With the tensions at the Line of Actual Control (LAC) increasing day-by-day, the Chinese side is willing to have a set of talks with India as Chinese Defence Minister Wei Fenghe has sought a meeting on Friday with the Indian counterpart Rajnath Singh.
Both the leaders are in Moscow currently to attend a meeting of SCO. As per the reports, the Chinese side conveyed the keenness to meet Singh.
The Indian and Chinese foreign ministers will also be in Moscow in next few days as S Jaishankar will be heading to Moscow for a meeting of the SCO Foreign Ministers on September 9.
S Jaishankar also participated in a meeting of the G-20 Foreign Ministers on Thursday and will be meeting his BRICS counterparts via videoconferencing on Friday.
We have a long history, which is very good in many parts, very indifferent in some parts and very difficult in some ways. The problem is the more difficult parts are more recent… This is not the easiest of times in the relationship,” the External Affairs Minister was quoted as saying by Indian Express.
“I am not underplaying the seriousness of the current situation or the actual challenges of the boundary question. It is vital for both countries to reach and accomplish, not just for them. I think that one has a lot riding. I am also conscious that right now we have a situation in the border areas of the western sector. We have agreements and understandings with China the agreements and understandings must be scrupulously observed by both parties, neither party should attempt to change the status quo unilaterally. And the reality is, what happens on the border, will impact the relationship, you cannot separate it,” he added.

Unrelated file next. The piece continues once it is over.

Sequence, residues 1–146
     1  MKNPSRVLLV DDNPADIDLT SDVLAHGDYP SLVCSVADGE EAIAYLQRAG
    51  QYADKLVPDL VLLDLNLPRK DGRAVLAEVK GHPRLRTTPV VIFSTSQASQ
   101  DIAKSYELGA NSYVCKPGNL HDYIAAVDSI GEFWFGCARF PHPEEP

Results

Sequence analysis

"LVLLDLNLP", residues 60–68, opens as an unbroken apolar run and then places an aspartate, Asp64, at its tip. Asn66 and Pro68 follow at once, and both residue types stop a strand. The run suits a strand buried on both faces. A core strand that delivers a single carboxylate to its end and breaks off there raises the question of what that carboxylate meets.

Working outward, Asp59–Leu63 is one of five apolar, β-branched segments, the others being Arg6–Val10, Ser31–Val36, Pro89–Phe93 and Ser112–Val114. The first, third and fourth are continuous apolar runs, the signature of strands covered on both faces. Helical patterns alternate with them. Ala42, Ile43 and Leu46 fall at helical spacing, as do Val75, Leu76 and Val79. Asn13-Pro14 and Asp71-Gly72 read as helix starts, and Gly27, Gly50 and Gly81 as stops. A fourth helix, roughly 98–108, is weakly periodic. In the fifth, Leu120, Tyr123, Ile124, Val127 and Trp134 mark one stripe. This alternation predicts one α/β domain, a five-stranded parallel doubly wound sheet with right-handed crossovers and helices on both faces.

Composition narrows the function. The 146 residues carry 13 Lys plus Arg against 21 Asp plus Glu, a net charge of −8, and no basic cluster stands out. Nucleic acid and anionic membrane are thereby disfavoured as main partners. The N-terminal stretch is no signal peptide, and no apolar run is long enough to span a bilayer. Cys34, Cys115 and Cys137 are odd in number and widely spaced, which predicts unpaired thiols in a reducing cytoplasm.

Yesterday, India said the border tension in Ladakh over the past four months is a direct result of Chinese actions which is aimed at effecting unilateral change in the status quo of the region.
On Monday, the Indian Army said in a statement that the Chinese Army has carried out provocative military movements on the southern bank of Pangong Tso Lake on Saturday night to change the status quo.
“The Chinese People’s Liberation Army (PLA) troops violated the previous consensus arrived at during military and diplomatic engagements during the ongoing standoff in eastern Ladakh and carried out provocative military movements to change the status quo,” said the statement.
The stand-off between the two Asian superpowers escalated in the eastern Ladakh region in April-May and peaked on June 15 when 20 Indian soldiers were martyred at the Galwan Valley.
In retaliation, around 40 PLA soldiers were also killed, but China maintained not to disclose the number.
Talks paced up after the stand-off resulting in agreement to disengage from the LAC, but the withdrawal is still not complete.